Mini Review ARTICLE
The Role of Glypican-3 in Regulating Wnt, YAP, and Hedgehog in Liver Cancer
- 1Laboratory of Molecular Biology, Center for Cancer Research, National Cancer Institute, National Institutes of Health, Bethesda, MD, United States
- 2Mayo Clinic Graduate School of Biomedical Sciences, Rochester, MN, United States
Glypican-3 (GPC3) is a cell-surface glycoprotein consisting of heparan sulfate glycosaminoglycan chains and an inner protein core. It has important functions in cellular signaling including cell growth, embryogenesis, and differentiation. GPC3 has been linked to hepatocellular carcinoma and a few other cancers, however, the mechanistic role of GPC3 in cancer development remains elusive. Recent breakthroughs including the structural modeling of GPC3 and GPC3–Wnt complexes represent important steps toward deciphering the molecular mechanism of action for GPC3 and how it may regulate cancer signaling and tumor growth. A full understanding of the molecular basis of GPC3-mediated signaling requires elucidation of the dynamics of partner receptors, transducer complexes, and downstream players. Herein, we summarize current insights into the role of GPC3 in regulating cancer development through Wnt and other signaling pathways, including YAP and hedgehog cascades. We also highlight the growing body of work which underlies deciphering how GPC3 is a key player in liver oncogenesis.
Each year hepatocellular carcinoma (HCC) affects 750,000–1 million people worldwide and is projected to be the third most common cause of cancer death in the United States by 2030 (1). Glypican-3 (GPC3), a broadly conserved cell-surface proteoglycan, contains heparan sulfate (HS) chains connected to a core protein. Glypican regulation is linked to cell growth, differentiation and motility. GPC3 is highly expressed in >70% of HCCs but not in normal adult tissues (2). GPC3 has also been associated with poor prognosis in HCC patients (3). Taken together, this designates GPC3 as an established biomarker and indication of progression for HCC, a lethal disease for which there are limited treatment options (4, 5). While GPC3 is most notably studied in HCC, it has been implicated in other solid tumors as well (6, 7).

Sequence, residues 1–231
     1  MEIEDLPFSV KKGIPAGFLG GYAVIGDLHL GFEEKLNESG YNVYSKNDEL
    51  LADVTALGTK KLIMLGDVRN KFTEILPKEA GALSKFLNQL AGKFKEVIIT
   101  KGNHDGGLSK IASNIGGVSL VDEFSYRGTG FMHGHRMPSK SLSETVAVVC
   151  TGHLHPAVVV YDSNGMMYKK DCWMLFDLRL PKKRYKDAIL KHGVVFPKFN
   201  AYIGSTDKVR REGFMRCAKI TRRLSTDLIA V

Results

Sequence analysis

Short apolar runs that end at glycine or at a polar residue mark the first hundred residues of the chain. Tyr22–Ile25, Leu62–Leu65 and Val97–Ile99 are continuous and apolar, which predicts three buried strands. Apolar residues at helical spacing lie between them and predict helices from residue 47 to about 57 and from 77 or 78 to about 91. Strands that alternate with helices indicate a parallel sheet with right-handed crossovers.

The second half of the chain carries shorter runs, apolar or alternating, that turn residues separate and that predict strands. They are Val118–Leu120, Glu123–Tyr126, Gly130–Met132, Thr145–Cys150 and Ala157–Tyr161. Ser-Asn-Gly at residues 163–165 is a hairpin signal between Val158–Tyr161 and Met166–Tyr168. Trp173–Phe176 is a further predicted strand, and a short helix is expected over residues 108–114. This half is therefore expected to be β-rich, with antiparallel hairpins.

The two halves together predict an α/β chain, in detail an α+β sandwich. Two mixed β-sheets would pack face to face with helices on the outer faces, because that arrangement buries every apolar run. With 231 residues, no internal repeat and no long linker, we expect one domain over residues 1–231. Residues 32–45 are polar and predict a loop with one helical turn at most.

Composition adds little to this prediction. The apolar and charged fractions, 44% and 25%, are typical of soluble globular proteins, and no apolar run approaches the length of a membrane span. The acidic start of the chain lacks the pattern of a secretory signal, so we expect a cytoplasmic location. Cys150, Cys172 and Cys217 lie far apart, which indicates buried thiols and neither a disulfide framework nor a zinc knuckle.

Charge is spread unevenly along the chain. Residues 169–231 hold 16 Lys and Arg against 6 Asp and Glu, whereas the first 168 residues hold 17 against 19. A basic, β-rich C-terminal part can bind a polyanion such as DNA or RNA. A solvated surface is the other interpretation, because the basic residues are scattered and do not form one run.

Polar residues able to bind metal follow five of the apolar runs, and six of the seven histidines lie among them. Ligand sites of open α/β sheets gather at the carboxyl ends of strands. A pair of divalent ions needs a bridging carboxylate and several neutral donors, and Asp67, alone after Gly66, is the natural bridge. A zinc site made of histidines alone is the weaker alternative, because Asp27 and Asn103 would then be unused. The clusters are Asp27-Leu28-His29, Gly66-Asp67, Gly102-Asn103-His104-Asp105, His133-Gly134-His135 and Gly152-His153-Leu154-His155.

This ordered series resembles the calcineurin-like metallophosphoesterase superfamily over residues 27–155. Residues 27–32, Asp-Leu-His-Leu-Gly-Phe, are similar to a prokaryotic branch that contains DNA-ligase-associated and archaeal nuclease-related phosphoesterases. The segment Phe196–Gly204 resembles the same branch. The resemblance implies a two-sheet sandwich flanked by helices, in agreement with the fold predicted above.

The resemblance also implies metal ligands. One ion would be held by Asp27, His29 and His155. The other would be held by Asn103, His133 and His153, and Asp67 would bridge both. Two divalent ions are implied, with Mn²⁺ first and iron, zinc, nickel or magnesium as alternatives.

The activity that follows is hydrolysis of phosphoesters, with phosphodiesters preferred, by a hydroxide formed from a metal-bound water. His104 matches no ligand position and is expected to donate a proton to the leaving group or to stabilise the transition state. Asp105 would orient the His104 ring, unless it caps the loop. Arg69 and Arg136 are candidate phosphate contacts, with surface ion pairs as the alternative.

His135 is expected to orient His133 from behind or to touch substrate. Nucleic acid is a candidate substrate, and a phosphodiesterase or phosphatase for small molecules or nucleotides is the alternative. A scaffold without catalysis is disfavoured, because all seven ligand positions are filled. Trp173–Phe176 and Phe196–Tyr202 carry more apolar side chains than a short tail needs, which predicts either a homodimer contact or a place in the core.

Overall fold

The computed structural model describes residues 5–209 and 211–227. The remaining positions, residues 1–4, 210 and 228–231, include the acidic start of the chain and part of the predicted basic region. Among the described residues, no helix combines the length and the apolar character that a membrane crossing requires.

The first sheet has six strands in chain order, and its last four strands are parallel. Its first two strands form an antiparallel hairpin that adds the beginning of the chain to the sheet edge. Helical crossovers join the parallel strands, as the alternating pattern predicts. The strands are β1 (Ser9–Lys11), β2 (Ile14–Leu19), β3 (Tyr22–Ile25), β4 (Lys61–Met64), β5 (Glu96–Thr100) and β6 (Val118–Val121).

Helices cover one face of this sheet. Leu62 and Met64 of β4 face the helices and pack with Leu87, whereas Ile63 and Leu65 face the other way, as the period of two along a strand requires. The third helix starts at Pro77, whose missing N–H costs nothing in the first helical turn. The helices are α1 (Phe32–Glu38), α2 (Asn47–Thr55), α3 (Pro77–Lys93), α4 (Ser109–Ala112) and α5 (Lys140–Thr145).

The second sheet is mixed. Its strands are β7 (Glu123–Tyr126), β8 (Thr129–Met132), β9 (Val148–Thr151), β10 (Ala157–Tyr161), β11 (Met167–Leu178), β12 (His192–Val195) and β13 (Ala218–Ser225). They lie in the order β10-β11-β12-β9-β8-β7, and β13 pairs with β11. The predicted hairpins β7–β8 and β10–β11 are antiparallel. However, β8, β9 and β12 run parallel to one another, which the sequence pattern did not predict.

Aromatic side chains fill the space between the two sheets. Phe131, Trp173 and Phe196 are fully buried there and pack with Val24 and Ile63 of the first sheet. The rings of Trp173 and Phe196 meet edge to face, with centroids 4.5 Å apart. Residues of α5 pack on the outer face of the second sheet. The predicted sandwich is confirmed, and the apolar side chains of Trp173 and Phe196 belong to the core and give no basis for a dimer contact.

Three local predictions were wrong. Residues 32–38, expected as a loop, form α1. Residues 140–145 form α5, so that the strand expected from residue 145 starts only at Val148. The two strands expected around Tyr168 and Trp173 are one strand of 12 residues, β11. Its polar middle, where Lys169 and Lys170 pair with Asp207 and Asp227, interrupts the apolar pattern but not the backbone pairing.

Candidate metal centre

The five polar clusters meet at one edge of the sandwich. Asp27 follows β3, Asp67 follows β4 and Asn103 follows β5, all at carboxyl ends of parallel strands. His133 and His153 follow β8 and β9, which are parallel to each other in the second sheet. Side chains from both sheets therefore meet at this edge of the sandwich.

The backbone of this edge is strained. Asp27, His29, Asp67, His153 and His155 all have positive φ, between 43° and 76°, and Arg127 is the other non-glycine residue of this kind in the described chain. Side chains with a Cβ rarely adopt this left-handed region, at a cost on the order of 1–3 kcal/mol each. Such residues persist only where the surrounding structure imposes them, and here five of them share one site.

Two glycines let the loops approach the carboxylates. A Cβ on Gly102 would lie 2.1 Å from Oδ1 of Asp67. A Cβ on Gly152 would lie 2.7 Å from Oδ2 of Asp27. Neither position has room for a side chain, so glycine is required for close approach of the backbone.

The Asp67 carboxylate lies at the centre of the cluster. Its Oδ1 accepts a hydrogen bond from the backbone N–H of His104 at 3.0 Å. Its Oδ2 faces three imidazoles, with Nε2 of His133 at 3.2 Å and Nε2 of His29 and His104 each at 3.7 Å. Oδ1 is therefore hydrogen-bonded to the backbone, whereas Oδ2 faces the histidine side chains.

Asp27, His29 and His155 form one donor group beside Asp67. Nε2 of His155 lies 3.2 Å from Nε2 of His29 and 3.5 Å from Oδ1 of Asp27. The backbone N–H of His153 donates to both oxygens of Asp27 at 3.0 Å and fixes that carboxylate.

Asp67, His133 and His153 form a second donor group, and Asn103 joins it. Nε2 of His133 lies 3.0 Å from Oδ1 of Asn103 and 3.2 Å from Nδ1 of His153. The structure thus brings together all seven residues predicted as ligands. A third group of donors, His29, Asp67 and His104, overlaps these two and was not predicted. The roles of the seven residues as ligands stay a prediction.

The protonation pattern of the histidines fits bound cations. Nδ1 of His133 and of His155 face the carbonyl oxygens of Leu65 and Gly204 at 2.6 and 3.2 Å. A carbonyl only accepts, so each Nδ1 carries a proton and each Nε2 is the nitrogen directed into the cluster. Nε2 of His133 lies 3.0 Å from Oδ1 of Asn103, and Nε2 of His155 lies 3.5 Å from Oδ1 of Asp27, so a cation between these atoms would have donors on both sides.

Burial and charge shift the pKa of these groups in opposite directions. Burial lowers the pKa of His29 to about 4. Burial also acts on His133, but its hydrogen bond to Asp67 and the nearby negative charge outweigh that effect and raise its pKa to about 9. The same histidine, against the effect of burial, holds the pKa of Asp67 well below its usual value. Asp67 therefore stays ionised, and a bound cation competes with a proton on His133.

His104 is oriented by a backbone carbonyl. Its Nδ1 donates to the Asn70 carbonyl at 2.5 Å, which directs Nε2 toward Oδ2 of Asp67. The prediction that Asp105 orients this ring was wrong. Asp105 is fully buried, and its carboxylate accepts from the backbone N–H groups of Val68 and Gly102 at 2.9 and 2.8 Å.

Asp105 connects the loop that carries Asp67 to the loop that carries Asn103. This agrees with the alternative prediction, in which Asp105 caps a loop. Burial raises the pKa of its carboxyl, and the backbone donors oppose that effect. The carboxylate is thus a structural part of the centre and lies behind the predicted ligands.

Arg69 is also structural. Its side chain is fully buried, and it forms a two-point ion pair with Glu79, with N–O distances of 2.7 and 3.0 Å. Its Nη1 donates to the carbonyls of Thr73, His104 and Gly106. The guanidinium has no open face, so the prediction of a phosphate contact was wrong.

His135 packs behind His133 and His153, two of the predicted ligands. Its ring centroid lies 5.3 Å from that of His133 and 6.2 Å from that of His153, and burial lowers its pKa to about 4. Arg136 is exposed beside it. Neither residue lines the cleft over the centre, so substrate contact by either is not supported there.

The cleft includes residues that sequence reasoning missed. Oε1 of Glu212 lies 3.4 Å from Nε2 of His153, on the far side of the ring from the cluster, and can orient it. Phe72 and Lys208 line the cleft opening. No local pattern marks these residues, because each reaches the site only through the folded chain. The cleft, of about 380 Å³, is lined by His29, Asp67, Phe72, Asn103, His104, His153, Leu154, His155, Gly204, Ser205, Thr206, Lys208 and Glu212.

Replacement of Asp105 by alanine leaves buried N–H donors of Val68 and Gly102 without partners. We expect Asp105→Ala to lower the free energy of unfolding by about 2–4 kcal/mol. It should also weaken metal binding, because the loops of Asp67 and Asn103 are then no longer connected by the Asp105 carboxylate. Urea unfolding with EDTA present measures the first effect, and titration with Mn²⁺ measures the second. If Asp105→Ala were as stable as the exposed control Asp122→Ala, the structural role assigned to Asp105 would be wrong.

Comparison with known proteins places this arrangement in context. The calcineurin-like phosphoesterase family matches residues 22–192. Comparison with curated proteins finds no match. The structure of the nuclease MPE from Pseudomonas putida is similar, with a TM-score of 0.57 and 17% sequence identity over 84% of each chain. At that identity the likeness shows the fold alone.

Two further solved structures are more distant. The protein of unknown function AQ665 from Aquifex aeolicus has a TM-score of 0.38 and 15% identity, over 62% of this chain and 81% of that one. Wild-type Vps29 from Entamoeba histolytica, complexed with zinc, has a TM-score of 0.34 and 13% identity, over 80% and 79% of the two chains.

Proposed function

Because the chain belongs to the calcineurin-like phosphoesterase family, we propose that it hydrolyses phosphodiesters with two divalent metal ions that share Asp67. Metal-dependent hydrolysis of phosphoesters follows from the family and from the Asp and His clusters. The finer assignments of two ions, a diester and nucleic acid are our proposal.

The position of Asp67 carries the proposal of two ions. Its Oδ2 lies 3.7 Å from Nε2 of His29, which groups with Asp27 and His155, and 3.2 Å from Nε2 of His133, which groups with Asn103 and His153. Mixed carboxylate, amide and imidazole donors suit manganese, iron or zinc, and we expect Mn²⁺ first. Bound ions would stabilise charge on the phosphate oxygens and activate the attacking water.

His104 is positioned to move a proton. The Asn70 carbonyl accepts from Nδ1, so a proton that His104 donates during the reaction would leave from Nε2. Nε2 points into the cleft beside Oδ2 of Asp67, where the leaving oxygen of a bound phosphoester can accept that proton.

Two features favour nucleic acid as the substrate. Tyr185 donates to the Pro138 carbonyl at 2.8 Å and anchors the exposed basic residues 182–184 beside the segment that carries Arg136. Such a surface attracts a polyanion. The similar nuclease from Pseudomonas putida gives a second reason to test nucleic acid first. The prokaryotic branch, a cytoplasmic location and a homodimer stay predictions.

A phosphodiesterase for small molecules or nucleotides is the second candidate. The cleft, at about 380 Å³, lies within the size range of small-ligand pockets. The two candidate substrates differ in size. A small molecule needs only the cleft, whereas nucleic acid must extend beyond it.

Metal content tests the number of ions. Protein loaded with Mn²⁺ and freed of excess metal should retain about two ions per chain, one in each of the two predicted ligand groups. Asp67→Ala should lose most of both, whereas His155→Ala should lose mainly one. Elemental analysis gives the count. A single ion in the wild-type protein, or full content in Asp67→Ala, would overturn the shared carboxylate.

Wnt signaling is vital in embryonic development and tissue homeostasis (8). In adults, Wnt signaling promotes tissue renewal and regeneration. During the embryonic stage, GPC3 is widely expressed in a stage and tissue specific manner (9). GPC3 expression can be detected in the placenta and other embryonic tissues including the ovary, mammary, and lung. Several studies have shown that expression of GPC3 regulating tumor proliferation and progression through Wnt signaling cascades (10). Given that Wnt is highly hydrophobic and may require HS fragments functioning as a transporter or nano-storage unit to facilitate its activation in the extracellular microenvironment, the link between cell surface glypicans and Wnt would be highly interesting (11–14).
In this review, we highlight the role of GPC3 in cellular signaling including Wnt and other signaling pathways such as YAP (Yes associated protein), and Hedgehog (Hh) within the current scientific milieu. Due to the importance of GPC3 in multiple signaling cascades, GPC3 could have a pivotal role as a biomarker and as a potent therapeutic target in investigational immunotherapies (15). Therapeutics targeting GPC3 are in preclinical development and rigorous mechanistic insight could be pivotal in further developing a successful therapeutic strategy (15, 16).
Biology and Structure of GPC3
Glypicans, classified among the heparan sulfate proteoglycan family, reside on the exterior cell membrane via a glycosylphosphatidylinositol (GPI) anchor and are a major part of the extracellular matrix (ECM) mediating cell-ECM and cell-cell interactions (4, 17). Glypicans comprise of a core protein attached to two HS glycosaminoglycan polysaccharide chains. The structure of glypicans is evolutionarily well-conserved and the family consists of six subtypes including GPC1-6 in mammals (18). Glypicans are typically between 60 and 70 kDa and contain a secretory signal peptide at the N-terminal and a GPI anchor at the C-terminal. All glypicans have 14 conserved cysteines, which form intramolecular disulfide bridges to connect the N terminus and C terminus, even after possible furin cleavage (19). The unique structure of glypicans provides glypicans the unique capability to store and sequester various molecules including: cytokines, morphogens, chemokines, and growth factors (15). Glypicans attract these molecules and develop concentration gradients around the ECM and cellular membrane allowing for recognition of receptors with different thresholds.